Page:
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T. Francis Cochran, farmer honored as a Harford County Living Treasure, dies

T. Francis Cochran was an accomplished carpenter, gardener and cheesecake baker.
T. Francis Cochran was an accomplished carpenter, gardener and cheesecake baker.

T. Francis Cochran, a farmer who was honored as a Harford County Living Treasure, died of congestive heart failure May 6 at his son’s Monkton home. He was 94.

He was born on his grandparents’ Harford Hill Farm on Pocock Road in Fallston. He was the son of Julia Agnes Lynch, a Harford County schoolteacher, and John Raymond Cochran, who collected milk from dairy farms and brought it to a Baltimore dairy.

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He attended the one-room Taylor School, a mile away from his home. He later attended St. Margaret Catholic School in Bel Air and Bel Air High School, which he left just short of his graduation to join the Navy during World War II.

The day before he was to get his military physical, he broke his neck in a swimming accident at Laurel Brook. He then began working at the Koppers Co. making piston rings for engines in P-51 aircraft.

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“It always bothered him that he had not received his high school diploma, so at the age of 68 he took the remaining course that he needed and sat for his GED exam,” said one of his sons, David A. Cochran of Germantown. “Not only did he pass, he graduated with honors and was asked to appear before the Maryland State General Assembly to represent and be recognized as an example of lifelong learning.”

T. Francis Cochran with three of his great-granddaughters on the porch at Jeffrey P. Cochran's farm.
T. Francis Cochran with three of his great-granddaughters on the porch at Jeffrey P. Cochran's farm.

In a 1994 Sun story, when he received his diploma at a ceremony at Harford Community College, he told of getting an invitation to a high school reunion.

“It was just the prod I needed,” he said of his decision to get the GED. He passed the examination with honors.

Mr. Cochran worked for the old First National Bank, where he met his future wife, Mary Jane Leipold, through mutual friends. They married in 1947.

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“He and his wife raised a wonderful family. They were such good people,” said friend and neighbor Marie Hess. “He was a calm, nice man.”

Mr. Cochran became the farm manager of the 300-acre Harford Hill Farm in Fallston as well as the 180-acre Slade farm on Schuster Road in Jarrettsville.

T. Francis Cochran was farm manager of the 300-acre Harford Hill Farm in Fallston as well as the 180-acre Slade farm on Schuster Road in Jarrettsville.
T. Francis Cochran was farm manager of the 300-acre Harford Hill Farm in Fallston as well as the 180-acre Slade farm on Schuster Road in Jarrettsville.

Mr. Cochran had talents and hobbies. He was an accomplished carpenter, gardener and cheesecake baker. He also made cream puffs and annually made jams and jellies.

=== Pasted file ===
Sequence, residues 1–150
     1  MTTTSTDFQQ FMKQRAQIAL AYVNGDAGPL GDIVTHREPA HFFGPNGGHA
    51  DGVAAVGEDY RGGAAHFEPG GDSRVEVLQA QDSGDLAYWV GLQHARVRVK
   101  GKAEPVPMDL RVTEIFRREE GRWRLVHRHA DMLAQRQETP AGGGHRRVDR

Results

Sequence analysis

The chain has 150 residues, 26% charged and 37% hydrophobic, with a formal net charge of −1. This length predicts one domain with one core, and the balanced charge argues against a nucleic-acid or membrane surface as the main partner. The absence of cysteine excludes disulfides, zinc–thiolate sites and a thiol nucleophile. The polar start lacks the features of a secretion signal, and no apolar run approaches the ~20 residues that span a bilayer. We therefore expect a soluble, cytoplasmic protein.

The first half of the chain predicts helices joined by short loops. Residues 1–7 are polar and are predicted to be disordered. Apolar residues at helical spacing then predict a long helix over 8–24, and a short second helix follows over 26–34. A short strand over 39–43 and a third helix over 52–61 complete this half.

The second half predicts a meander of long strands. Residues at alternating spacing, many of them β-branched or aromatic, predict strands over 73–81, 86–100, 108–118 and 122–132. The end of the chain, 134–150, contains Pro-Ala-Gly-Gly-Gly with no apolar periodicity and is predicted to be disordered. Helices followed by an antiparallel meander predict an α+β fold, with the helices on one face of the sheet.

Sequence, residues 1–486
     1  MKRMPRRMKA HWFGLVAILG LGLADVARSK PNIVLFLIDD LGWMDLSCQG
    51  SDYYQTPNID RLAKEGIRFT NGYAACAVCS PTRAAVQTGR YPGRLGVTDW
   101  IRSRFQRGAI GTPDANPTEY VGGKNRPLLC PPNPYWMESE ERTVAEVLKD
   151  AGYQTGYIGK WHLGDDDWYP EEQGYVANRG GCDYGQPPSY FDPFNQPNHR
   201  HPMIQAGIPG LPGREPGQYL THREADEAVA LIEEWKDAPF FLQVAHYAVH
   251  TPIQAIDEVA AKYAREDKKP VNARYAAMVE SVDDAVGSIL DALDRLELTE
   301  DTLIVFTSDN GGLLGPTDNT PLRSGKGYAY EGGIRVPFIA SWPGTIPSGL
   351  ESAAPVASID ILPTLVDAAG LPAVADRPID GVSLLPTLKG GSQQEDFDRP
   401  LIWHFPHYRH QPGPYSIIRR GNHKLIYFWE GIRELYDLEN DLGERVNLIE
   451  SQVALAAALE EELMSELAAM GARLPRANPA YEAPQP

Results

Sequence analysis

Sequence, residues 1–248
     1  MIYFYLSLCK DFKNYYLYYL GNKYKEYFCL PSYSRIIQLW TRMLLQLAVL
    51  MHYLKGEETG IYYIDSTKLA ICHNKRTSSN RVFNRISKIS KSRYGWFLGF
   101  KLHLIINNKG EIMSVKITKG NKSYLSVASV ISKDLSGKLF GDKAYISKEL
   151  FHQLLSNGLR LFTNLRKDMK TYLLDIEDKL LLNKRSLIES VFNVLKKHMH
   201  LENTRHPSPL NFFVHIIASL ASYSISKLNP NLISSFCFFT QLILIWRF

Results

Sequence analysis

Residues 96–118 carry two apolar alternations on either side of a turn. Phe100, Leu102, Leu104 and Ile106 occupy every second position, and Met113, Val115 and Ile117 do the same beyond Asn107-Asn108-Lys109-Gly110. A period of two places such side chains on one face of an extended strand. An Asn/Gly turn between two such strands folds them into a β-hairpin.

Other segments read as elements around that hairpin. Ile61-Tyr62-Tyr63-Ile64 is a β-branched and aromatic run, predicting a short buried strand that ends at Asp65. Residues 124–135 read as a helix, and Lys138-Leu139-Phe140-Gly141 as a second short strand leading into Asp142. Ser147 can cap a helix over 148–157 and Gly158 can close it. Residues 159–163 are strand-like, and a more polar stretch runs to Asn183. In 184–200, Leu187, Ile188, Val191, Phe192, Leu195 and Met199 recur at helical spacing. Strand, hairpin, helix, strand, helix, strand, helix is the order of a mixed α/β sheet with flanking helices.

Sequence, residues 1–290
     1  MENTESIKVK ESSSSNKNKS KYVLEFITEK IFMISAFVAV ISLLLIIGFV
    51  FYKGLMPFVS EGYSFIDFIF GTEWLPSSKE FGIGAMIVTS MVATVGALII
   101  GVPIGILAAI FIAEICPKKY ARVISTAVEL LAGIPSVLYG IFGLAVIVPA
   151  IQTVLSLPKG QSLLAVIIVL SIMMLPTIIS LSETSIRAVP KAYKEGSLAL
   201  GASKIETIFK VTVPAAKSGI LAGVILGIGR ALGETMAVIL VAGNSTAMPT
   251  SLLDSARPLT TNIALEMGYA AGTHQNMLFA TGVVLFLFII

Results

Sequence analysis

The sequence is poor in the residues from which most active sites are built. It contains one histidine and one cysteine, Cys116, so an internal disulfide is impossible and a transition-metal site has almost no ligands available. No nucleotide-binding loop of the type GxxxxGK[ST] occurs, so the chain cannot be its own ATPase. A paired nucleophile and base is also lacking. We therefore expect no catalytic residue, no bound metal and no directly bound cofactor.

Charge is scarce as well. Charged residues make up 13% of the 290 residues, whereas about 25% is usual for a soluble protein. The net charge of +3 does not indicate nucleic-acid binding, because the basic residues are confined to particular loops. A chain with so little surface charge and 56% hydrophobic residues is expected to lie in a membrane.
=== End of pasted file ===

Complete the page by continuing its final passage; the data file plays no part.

“The T in my father’s name stood for Thomas, but he never used that name and was always known as Francis. He was named after St. Francis of Assisi and it suited him very well because he was a very gentle man,” said another son, Jeffrey P. Cochran of Monkton. “He grew up in a time when men were supposed to be tough and rigid and it often resulted in boorish behavior where real men were afraid to show kindness and became bigots toward things and people who were different than themselves.

“But Dad was the opposite. He was a man’s man who could bale hay, harvest corn or plow all day, but he was happiest when he could sweep my mother into his arms, hold her hand as he walked around their yard, change a baby’s diaper, give one of his children a bath, or act as the disciplinarian at nighttime religious education classes at church.”

He loved to read and could rarely be seen without a book nearby. In addition to historical literature, he was particularly fond of Western novels.

Mr. Cochran was a devout Roman Catholic and longtime member of the Knights of Columbus. Through his life he was a parishioner of several churches, including St. Mark’s, St. Ignatius and St. John the Evangelist.

His son David said his father put the family first. Much of his early family life was spent shuttling his eight children back and forth to activities.

“As his children grew and began to spread out, Francis and Mary Jane were able to travel farther than they had ever dreamed,” David said. “These travels took them to many places across the United States as well as Ireland, England, France, Germany and Hong Kong.”

In 2019 Mr. Cochran was honored as a Harford Living Treasure for being a person who lived in Harford County for more than 70 years and who contributed in a significant way to youth and agriculture.

The award was given, in part, because he was a lifelong supporter of Harford County’s 4-H program. He was also recognized for his years as a farm manager.

“Each summer he hired several young men to work on the 300-acre beef farm he managed,” his son David said. “They learned life’s lessons from him. Several have gone on to be captains of industry, officers in the armed forces or simple, honest fathers and husbands in his image.”

A funeral Mass will be held at 11 a.m. Thursday at St. John the Evangelist Catholic Church in Hydes.

In addition to his sons David and Jeffrey, survivors include two other sons, Thomas F. Cochran Jr. of Colora and Christopher M. Cochran of Palm Beach, Florida; four daughters, Jane C. Lanahan of Monkton, Rebecca D. Hedges of Bel Air, Elizabeth C. Eastburn of Bethany Beach, Delaware, and Margaret C. Jordan of Chantilly, Virginia; 16 grandchildren; and 18 great-grandchildren. His wife of 60 years died in 2007.

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